The Simmons Building has been a mattress factory, symbol of city prosperity and beacon in the ever-changing landscape of East Village. Soon, it'll be one of the great gathering places in the city.
CMLC, the master developer of East Village, has begun asking potential lessees of the handsome hundred-year-old building for Expressions of Interest - ideas of how The Simmons Building could become a great public space for Calgarians. "The Simmons Building could be many things," says CMLC's Susan Veres, senior manager of marketing and communications. "We've often looked around this space wondering if it should one day be a pub, a great restaurant, or something we haven't even thought of. The important thing is that the building become a thriving and invigorating destination for everyone to enjoy.
Born The Simmons Factory Warehouse, the two-story was built on the Bow River in East Village by the Montreal based Alaska Bedding Company (ABC) in the 1912 boom. It's a rare example of pre-World War I manufacturing and industrial architecture, a modern marvel for its time. Its post and beam construction, concrete foundation, brick cladding, steam heating, electric elevator, sprinkler system, full basement with board floor and adjoining boiler house didn't come cheap: records show the structure cost $20,000 to build.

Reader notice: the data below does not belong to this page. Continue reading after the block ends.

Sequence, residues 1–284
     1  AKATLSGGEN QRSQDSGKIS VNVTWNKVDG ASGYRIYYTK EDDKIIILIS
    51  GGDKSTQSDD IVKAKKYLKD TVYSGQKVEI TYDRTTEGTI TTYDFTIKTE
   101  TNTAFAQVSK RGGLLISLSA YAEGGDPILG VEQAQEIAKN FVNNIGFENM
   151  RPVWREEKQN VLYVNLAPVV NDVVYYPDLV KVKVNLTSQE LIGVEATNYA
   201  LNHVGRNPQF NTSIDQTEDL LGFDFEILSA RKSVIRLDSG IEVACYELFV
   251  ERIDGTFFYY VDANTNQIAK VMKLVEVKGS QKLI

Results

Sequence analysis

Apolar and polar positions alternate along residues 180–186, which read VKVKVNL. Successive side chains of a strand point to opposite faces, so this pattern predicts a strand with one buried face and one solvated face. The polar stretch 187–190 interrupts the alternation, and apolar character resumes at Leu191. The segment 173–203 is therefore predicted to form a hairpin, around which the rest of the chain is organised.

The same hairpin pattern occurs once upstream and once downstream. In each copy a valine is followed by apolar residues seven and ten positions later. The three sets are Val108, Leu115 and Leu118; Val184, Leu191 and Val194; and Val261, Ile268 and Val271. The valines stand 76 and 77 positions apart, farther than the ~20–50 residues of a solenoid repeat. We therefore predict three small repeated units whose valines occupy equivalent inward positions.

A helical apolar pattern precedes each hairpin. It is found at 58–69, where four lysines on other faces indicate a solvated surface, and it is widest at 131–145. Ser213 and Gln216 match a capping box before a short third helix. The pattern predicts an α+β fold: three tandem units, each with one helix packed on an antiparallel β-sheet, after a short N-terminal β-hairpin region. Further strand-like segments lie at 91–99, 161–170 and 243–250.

ABC amalgamated with other companies to create Simmons, a name well known to Canadians. (Who can ever forget the famous Beauty Rest Bowling Ball ads? You? OK, watch this. Beauty Rest mattresses, pillows, regular mattresses and chesterfield beds - which the company practically invented - were also assembled here. The Simmons Building was also used for the assembly and warehousing of specialty sleep equipment, like adjustable hospital beds and nursery racks. During World War II, the building was used exclusively to provide and store bedding for the military.
The Simmons' riverside location - which makes it so attractive today - was its undoing as a storage facility. In 1966, flooding in the basement sent Simmons to higher ground. Indeed, the floodplain around the Simmons and in much of East Village has been raised up to five feet in the past three years. When CMLC first moved there in 2007, staffers walked up some 8 steps to the doorway. Today, the doorway is flush with the newly raised street.
CMLC takes seriously its role as owner of one of the city's finest examples of industrial architecture, and in 2008, the developer won the important Calgary Heritage Lions Award in recognition of its thoughtful rejuventation of The Simmons.
Know an organization that might have a great idea for the next chapter of life for The Simmons Building? Send them to www.calgarymlc.ca/simmons to find out more.